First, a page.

Mostly, I want people to be as happy eating my food as I am cooking it.

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What is this?! All these home-cooked meals are fit for a king! Or at the very least would be perfect for upper-end restaurants! :raz:

I present to you the humble nem nuong with rice paper!

Had this for dinner yesterday -it was quite delicious :) I've previously posted another nem nuong dinner I had a couple pages back (I think) but seeing as I love these meatballs so much, I just had to do it again.

Having the leftovers tomorrow woohoo!

P.S. We're missing vermicelli noodles but since there were only 3 of us, I really couldn't be bothered.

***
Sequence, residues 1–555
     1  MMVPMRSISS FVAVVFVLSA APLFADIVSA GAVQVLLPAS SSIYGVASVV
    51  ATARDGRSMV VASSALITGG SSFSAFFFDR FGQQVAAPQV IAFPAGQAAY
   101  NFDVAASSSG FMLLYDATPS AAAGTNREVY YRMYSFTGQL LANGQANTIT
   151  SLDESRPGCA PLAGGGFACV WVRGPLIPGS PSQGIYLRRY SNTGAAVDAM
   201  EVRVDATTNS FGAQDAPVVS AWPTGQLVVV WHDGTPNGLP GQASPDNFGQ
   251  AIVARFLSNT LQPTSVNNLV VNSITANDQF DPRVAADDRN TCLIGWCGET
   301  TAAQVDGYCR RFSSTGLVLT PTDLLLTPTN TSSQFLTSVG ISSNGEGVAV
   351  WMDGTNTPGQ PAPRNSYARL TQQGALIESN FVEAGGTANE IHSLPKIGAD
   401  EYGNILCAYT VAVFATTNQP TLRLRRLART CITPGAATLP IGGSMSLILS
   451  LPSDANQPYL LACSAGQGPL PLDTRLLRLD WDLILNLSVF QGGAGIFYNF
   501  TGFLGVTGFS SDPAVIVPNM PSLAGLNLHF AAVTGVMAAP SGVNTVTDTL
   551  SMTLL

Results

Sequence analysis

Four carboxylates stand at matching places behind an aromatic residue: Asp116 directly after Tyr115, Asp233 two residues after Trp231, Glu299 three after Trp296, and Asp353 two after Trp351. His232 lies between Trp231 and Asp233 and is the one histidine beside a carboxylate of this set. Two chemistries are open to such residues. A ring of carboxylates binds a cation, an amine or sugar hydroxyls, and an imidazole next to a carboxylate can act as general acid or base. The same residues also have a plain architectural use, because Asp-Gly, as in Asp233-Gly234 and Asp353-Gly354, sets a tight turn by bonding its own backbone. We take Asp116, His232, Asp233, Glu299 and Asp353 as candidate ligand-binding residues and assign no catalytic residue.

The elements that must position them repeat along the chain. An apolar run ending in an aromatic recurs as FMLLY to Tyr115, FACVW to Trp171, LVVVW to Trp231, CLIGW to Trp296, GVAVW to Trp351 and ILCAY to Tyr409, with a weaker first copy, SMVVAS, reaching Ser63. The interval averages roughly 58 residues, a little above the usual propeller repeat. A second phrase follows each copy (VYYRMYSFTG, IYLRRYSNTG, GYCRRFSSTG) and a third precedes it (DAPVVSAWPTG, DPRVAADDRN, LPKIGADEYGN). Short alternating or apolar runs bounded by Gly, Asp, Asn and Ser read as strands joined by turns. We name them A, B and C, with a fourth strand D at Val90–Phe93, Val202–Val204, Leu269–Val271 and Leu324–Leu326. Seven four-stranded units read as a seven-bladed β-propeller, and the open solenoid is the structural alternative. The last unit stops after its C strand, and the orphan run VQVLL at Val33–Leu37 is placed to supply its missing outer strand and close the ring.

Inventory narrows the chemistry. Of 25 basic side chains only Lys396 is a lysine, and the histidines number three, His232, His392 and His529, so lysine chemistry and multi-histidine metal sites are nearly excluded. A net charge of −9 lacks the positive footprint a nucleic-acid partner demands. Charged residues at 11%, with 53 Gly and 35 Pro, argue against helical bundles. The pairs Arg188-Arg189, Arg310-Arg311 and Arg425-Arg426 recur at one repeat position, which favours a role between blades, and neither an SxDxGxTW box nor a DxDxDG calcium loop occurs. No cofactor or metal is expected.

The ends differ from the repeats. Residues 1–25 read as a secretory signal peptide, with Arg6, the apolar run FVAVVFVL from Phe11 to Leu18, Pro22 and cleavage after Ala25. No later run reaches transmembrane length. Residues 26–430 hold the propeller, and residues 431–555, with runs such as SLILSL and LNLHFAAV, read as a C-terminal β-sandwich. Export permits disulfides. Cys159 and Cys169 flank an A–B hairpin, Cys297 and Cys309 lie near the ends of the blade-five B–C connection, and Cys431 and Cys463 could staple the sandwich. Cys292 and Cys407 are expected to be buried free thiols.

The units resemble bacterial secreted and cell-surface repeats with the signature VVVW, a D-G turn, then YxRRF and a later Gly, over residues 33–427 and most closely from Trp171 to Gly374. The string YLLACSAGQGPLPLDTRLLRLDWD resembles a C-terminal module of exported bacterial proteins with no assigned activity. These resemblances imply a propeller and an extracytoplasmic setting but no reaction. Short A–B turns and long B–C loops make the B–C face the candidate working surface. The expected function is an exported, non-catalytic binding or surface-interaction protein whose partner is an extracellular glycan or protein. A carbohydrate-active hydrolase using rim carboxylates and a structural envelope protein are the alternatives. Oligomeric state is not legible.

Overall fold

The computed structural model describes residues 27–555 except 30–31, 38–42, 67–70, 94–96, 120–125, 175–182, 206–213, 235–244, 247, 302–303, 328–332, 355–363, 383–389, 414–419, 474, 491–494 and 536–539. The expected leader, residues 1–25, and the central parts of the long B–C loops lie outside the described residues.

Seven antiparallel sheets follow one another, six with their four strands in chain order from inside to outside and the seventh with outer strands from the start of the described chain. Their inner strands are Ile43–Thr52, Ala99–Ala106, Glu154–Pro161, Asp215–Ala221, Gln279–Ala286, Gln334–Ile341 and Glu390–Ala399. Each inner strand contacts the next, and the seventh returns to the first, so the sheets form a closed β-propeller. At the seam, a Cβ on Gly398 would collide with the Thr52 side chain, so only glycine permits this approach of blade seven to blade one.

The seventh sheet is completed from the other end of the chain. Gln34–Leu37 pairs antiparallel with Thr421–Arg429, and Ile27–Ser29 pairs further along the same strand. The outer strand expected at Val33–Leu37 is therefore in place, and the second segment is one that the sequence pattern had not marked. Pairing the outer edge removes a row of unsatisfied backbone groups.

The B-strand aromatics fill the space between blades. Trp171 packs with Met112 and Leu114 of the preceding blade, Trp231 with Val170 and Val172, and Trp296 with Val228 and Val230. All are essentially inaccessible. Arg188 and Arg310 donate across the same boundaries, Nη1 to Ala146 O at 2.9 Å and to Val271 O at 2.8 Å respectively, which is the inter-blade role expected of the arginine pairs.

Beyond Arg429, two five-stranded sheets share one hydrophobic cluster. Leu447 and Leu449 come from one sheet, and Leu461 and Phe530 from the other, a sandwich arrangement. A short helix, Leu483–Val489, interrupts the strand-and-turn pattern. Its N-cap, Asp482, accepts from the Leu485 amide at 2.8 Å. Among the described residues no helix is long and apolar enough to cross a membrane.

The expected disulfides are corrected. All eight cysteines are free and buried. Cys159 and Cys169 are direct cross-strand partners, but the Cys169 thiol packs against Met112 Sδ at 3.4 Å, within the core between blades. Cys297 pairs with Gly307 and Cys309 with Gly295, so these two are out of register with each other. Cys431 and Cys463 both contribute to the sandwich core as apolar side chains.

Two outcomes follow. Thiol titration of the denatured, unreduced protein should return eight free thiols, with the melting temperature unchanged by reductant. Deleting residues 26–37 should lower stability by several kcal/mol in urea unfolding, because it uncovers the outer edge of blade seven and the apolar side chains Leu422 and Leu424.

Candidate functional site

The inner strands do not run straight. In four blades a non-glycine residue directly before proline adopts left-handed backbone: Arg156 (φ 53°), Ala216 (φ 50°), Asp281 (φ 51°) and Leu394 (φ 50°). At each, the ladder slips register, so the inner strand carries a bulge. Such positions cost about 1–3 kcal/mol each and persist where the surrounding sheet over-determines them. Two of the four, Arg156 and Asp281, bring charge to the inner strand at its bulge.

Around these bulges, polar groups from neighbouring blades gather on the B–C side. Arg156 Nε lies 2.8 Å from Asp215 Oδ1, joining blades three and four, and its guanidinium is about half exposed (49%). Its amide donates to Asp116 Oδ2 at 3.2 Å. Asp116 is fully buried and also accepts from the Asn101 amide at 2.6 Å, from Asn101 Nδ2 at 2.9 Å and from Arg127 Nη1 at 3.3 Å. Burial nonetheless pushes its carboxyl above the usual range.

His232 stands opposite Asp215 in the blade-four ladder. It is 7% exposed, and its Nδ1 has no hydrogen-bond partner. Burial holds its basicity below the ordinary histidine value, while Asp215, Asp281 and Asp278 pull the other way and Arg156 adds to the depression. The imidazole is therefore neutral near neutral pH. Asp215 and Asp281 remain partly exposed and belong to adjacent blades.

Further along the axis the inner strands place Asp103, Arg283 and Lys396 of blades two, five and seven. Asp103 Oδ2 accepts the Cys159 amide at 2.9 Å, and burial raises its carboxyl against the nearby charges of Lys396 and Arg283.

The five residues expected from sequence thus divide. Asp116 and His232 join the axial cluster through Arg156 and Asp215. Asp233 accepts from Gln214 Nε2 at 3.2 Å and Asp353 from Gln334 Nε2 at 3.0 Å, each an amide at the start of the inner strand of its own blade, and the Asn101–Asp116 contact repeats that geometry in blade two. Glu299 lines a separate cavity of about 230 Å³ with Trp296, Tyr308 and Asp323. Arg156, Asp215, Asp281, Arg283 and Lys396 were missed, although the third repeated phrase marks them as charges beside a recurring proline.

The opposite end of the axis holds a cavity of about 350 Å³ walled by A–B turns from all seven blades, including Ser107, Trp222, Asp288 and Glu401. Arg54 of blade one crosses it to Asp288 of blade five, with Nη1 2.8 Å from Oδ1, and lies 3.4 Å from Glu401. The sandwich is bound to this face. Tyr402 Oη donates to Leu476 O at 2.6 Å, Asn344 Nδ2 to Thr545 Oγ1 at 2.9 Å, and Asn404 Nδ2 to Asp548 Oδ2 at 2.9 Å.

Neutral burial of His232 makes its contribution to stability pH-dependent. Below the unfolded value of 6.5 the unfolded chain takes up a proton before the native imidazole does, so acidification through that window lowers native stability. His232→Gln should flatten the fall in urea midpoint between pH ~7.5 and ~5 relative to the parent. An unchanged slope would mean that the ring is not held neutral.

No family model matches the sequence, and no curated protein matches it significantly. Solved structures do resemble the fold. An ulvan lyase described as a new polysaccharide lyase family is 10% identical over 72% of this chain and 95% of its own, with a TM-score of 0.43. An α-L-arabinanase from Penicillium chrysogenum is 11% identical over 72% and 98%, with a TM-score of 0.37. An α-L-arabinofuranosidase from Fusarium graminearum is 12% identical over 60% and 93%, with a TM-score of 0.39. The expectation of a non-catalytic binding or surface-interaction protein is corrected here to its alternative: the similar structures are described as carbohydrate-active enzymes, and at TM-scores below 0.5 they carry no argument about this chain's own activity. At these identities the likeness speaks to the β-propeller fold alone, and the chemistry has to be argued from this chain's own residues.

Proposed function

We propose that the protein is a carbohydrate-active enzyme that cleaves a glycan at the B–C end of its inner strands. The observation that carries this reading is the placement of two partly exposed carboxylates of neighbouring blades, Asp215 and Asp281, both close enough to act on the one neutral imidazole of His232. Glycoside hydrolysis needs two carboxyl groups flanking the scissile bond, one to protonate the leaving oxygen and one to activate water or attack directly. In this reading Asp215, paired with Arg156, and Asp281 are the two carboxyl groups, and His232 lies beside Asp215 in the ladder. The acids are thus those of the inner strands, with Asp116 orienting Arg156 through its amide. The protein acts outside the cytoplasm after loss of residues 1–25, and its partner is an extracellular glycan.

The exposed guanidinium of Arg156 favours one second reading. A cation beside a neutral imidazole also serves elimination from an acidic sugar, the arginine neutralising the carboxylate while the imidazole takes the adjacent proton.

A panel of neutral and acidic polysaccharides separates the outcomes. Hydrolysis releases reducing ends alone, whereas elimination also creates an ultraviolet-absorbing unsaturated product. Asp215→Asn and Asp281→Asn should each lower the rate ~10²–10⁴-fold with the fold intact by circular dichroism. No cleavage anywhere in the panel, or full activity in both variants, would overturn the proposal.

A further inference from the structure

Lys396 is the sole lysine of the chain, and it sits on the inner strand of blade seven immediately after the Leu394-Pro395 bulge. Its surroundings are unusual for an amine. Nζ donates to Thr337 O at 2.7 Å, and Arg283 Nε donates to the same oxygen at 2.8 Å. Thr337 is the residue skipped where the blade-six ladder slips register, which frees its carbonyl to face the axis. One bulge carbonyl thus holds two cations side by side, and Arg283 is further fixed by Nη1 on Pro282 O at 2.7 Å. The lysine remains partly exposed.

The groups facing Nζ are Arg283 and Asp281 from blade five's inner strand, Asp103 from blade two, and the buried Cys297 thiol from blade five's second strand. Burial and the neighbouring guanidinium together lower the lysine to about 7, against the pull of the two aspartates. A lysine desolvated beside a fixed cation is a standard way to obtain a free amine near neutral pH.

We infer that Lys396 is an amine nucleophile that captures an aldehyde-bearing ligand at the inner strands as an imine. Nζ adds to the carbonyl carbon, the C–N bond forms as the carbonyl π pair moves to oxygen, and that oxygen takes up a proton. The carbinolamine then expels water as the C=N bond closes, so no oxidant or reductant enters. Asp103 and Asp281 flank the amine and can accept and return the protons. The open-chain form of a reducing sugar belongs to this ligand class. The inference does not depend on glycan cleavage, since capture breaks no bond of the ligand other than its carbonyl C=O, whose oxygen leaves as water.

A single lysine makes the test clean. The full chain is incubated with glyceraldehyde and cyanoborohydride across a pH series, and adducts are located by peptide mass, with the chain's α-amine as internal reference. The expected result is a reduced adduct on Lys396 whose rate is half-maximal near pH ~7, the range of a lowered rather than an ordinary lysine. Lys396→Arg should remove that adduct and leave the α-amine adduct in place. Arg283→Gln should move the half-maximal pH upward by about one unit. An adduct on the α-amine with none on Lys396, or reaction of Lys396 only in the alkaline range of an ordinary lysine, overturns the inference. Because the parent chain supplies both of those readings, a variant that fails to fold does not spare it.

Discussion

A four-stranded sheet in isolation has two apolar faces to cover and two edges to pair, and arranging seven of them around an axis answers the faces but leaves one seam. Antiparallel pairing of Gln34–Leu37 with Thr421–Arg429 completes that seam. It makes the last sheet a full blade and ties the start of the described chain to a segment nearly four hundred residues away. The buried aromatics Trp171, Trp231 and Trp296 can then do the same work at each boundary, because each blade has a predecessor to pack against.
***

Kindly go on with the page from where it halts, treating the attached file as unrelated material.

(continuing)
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Musings and Morsels - a film and food blog

http://musingsandmorsels.weebly.com/

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After reading Abra and Chufi's blog about cooking with chestnuts, I decided to make a stew with chestnuts. I made Beef Stew with Chestnuts and Pomegranate and in a word it was orgasmic.

The recipe I found called for lamb, but lamb here is outrageously expensive, so I used goulash meat.

2112415351_a5c4dd4969.jpg

The photo just looks like a regular beef stew, but if we had scratch and sniff functionality on eGullet then you would know that this ain't yo mama's beef stew, unless your mama is from the Caucasus.

Because I used beef, I omitted the mint and added dried sour cherries, but next time I will use sour apricots. The cherries were lost in the dish.